PHILADEPHIA -- A jury has ordered Johnson & Johnson's (J&J) Janssen Pharmaceuticals unit to pay $70 million in compensatory damages to a 16-year-old Tennessee male who has developed large breasts as a result of being prescribed and ingesting the drug Risperdal.
The award, which includes damages for emotional stress, is 30 times larger than the $2.5 million a jury in 2015 ordered J&J to pay to an Alabama man who had taken Risperdal and grown size 46-DD breasts.
The decision, the largest yet in a Risperdal lawsuit, marks the fifth time Philadelphia juries have concluded that J&J failed to properly warn doctors and patients that male users could grow large female-like breasts – gynecomastia in medical terms – as a result of taking the drug. The drug is prescribed to children, the young and the elderly who are suffering from what are considered abnormal psychological problems.
The 16-year-old Tennessee resident recounted that he began taking Risperdal at age five to treat a psychiatric disorder. He said his parents never received any warning regarding the risk of it causing gynecomastia. His attorneys also claimed J&J's Janssen unit manipulated data from studies that showed Risperdal was linked to a hormonal disorder, so doctors would continue to prescribe the drug to young male patients.
Janssen intends to appeal the ruling.
“We believe this verdict is not justified by the evidence, and that the award is clearly excessive and far out of line with any factual assessment of actual damages,” company spokeswoman Kristina Chang said in a statement.
J&J still faces approximately 1,500 similar lawsuits in Philadelphia's state court. In 2013, the company agreed to pay $2.2 billion to settle criminal and civil cases in which it was alleged J&J illegally marketed Risperdal to children and the elderly. That settlement, which included two other J&J drugs, was one of the largest health-fraud penalties in U.S. legal history.
¨Juries are making a statement, a strong one, when they award plaintiffs penalties of this magnitude,¨ Sarasota attorney M. David Shapiro told the Florida Record. ¨Whenever you see verdicts of this size, chances are the pharmaceutical companies, in this specific instance, were aware of the side effects but simply chose not to disclose them, or not to make an honest and genuine effort to do so.¨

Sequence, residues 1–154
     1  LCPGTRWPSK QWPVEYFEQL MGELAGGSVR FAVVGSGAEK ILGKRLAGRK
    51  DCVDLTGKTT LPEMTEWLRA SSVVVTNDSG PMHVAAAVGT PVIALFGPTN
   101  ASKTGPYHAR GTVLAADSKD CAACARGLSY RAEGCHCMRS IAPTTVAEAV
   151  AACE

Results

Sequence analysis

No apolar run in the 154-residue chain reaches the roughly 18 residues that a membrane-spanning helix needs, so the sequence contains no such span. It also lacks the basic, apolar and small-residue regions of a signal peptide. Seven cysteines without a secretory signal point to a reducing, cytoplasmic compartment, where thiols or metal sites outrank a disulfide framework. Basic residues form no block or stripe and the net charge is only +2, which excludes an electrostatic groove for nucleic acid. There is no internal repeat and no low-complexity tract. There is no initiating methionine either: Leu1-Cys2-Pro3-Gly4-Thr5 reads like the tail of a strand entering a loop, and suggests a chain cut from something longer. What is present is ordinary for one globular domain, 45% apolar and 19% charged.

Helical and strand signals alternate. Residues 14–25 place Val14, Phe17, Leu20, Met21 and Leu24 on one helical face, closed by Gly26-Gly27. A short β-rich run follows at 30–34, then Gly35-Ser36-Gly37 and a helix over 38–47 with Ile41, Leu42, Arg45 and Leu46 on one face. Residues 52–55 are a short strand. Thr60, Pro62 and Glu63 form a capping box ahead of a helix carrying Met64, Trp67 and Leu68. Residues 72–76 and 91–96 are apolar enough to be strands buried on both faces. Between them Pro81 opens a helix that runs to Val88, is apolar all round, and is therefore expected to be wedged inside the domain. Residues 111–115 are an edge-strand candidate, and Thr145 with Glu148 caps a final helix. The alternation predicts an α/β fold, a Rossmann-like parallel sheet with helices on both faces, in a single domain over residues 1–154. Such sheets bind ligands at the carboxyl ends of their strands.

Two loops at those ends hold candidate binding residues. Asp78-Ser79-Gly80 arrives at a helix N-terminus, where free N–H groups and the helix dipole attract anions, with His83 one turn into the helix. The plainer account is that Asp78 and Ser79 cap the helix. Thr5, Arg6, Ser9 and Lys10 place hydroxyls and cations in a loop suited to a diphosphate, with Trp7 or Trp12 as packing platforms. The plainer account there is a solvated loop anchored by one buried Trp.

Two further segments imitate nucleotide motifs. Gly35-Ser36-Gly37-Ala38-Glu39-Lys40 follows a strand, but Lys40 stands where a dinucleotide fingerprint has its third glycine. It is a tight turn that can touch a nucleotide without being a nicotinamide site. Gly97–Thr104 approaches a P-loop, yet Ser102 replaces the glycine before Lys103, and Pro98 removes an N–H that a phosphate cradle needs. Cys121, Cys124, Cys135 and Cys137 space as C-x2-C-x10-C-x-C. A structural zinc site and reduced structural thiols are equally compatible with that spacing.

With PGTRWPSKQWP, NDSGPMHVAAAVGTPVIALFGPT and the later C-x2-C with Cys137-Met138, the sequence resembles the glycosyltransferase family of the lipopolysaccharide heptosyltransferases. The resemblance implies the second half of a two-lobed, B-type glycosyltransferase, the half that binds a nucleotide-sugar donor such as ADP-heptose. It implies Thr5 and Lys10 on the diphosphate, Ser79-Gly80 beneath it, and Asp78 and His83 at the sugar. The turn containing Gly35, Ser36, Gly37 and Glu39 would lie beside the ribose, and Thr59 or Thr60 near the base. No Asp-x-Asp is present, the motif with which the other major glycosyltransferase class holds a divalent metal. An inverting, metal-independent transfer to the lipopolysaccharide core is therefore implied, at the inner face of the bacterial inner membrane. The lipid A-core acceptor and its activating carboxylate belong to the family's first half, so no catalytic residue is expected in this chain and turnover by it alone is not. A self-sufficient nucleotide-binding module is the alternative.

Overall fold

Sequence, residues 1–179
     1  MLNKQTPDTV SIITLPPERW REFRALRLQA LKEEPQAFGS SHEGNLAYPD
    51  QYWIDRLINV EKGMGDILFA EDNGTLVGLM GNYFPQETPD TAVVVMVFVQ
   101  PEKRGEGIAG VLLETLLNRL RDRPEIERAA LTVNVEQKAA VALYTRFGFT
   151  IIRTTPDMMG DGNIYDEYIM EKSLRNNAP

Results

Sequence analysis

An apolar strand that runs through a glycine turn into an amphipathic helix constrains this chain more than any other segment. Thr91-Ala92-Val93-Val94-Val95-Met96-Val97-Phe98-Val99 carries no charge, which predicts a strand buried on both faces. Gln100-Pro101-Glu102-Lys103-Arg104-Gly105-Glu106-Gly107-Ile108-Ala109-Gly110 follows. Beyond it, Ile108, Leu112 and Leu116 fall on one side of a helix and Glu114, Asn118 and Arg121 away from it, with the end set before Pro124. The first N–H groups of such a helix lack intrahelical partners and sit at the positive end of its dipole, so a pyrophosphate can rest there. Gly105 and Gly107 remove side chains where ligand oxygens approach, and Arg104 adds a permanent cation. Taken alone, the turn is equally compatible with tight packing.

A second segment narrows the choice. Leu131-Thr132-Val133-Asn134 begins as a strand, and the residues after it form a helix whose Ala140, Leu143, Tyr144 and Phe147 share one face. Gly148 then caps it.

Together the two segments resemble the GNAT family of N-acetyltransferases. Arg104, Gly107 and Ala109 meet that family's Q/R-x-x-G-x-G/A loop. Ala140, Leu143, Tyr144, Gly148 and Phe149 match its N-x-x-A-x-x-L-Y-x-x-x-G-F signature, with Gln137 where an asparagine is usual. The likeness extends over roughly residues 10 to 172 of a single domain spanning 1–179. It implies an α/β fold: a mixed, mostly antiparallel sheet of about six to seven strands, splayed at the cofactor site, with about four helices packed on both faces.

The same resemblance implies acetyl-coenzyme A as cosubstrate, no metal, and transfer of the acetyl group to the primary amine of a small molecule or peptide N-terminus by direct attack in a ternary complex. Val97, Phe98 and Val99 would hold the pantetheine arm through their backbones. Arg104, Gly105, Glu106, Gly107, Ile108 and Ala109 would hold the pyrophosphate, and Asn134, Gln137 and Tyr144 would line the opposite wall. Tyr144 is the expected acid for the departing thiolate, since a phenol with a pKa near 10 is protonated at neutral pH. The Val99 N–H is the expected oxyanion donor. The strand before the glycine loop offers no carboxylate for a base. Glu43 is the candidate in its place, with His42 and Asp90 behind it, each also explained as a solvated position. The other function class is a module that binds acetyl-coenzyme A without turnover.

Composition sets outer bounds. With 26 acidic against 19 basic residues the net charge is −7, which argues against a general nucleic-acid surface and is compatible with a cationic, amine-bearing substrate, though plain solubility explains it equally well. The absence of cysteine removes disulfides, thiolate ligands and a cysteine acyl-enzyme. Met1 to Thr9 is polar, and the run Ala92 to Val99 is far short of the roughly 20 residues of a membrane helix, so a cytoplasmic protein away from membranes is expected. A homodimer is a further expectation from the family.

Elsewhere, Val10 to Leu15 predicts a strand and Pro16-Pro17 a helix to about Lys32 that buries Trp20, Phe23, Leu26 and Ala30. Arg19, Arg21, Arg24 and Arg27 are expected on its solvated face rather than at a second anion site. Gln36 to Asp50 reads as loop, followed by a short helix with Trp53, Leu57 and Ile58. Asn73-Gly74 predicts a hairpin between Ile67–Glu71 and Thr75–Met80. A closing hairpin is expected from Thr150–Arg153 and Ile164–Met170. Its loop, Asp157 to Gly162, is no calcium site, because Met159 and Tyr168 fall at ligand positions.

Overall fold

Shapiro has not handled any lawsuits involving Risperdal, but said there have been similar cases tried in Florida.
Plaintiff attorneys in Risperdal lawsuits aren't jumping on the bandwagon and filing numerous lawsuits that wind up being thrown out of court, Shapiro said. If anything, the extent victims suffer in this and other such cases tends to be minimized in the press, he added.
¨If you take the time to actually read the transcript, it's clear that this boy and his family have suffered substantial trauma as a result of Risperdal's side effects," Shaprio said. "Juries don't look kindly on frivolous allegations or requests for damages that appear to be way out of line with the actual damage done."
Juries tend to be lenient with companies and forgive those that make honest mistakes and "come clean," according to Shapiro.
"On the other hand, they tend to take a hard line in cases such as this," he said. "It's clear to me that they felt that this young man and his family suffered greatly and that something egregious had taken place, something that could have been avoided if the company had acted more responsibly."
That viewpoint drives up the amount of damages, he said.
¨In such cases, juries want to make a statement and punish companies that show a blatant disregard for the health and safety of their customers and the public," he said.